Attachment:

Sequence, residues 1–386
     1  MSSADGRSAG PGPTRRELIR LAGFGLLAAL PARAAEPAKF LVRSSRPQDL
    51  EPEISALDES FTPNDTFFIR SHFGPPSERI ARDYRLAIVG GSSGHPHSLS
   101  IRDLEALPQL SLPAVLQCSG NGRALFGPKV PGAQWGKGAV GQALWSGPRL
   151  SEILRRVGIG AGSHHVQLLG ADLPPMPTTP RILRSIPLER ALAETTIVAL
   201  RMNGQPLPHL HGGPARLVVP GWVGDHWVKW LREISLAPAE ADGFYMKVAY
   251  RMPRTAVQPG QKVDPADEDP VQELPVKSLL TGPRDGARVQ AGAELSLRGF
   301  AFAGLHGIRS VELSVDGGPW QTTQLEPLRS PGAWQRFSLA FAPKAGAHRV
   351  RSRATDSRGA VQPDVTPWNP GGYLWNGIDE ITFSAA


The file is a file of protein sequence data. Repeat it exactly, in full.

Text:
Sequence, residues 1–386
     1  MSSADGRSAG PGPTRRELIR LAGFGLLAAL PARAAEPAKF LVRSSRPQDL
    51  EPEISALDES FTPNDTFFIR SHFGPPSERI ARDYRLAIVG GSSGHPHSLS
   101  IRDLEALPQL SLPAVLQCSG NGRALFGPKV PGAQWGKGAV GQALWSGPRL
   151  SEILRRVGIG AGSHHVQLLG ADLPPMPTTP RILRSIPLER ALAETTIVAL
   201  RMNGQPLPHL HGGPARLVVP GWVGDHWVKW LREISLAPAE ADGFYMKVAY
   251  RMPRTAVQPG QKVDPADEDP VQELPVKSLL TGPRDGARVQ AGAELSLRGF
   301  AFAGLHGIRS VELSVDGGPW QTTQLEPLRS PGAWQRFSLA FAPKAGAHRV
   351  RSRATDSRGA VQPDVTPWNP GGYLWNGIDE ITFSAA